In the year 2021, the Government committed to the European Union to implement a payment system for the use of Spanish expressways as a condition for accessing community funds. Although the Executive is still studying the formula to implement, it is taken for granted that the regulations will take vehicle emissions into account, following the logic of “who pollutes the most, pays the most.”
One of the possible solutions to establish a toll system that takes into account emissions in real time has just been tested in Guipúzcoa. The test, which took place next to the Orio tollbooth on the AP-8, was carried out under the supervision of the laboratory Gipuzkoa Living Labspecialized in smart mobility.
As reported The vanguardduring the experiment the emissions of each car were measured from a distance (that is, without having to stop) using a device from the company Opus CSR. The device, placed next to the road, made the measurements through a system associated with reading license plates.
Among other things, it can analyze the levels of carbon monoxide, carbon dioxide, hydrocarbons, nitrogen monoxide, nitrogen dioxide, ammonia and suspended particles. It is hoped that the system will also make it possible to identify large emitterswhich despite accounting for 1-3% of the car park, account for up to 40% of polluting emissions.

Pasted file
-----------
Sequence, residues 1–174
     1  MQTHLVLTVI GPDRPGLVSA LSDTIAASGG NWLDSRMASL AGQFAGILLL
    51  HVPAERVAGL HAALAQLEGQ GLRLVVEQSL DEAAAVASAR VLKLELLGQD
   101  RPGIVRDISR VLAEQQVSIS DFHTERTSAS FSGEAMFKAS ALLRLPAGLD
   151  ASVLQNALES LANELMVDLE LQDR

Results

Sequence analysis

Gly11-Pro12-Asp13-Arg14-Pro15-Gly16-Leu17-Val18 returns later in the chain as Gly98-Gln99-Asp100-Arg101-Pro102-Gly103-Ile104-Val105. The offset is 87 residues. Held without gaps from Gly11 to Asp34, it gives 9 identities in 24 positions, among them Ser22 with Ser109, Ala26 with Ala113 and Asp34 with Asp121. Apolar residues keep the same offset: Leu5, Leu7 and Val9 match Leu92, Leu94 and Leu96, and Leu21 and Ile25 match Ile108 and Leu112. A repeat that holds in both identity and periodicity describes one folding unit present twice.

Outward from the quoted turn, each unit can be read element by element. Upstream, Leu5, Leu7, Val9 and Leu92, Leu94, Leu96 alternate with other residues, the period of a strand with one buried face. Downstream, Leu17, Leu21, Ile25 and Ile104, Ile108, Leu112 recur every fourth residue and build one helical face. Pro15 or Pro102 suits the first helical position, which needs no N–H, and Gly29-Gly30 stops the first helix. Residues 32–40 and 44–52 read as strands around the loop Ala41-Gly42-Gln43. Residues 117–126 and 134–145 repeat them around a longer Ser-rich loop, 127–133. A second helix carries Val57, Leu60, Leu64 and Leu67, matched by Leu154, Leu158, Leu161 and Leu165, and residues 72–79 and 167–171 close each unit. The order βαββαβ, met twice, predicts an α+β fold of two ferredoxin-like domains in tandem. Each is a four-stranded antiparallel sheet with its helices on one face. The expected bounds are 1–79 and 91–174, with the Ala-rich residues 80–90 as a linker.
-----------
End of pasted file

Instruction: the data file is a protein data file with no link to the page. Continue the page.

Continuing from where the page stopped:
A system based on DGT environmental labels would be unfair and unrealistic
On paper, this system would be fairer than one based on DGT environmental badges, since there are models with stickers C., ECHO either ZERO which in real conditions pollute more than other older vehicles. The best example is found in some plug-in hybrids marketed by luxury brands, which once their small batteries run out, emit much more than other smaller and lighter cars.
This solution also has its detractors, as some voices warn that would mainly penalize low-income peoplesince they are the ones with the oldest and potentially polluting cars.
In addition, by charging for the use of expressways, part of the traffic would be diverted to secondary roads, which have a higher accident rate. Since older cars offer lower levels of safety than modern ones, this could end up leading to higher fatalities on the roads.
Source | The vanguard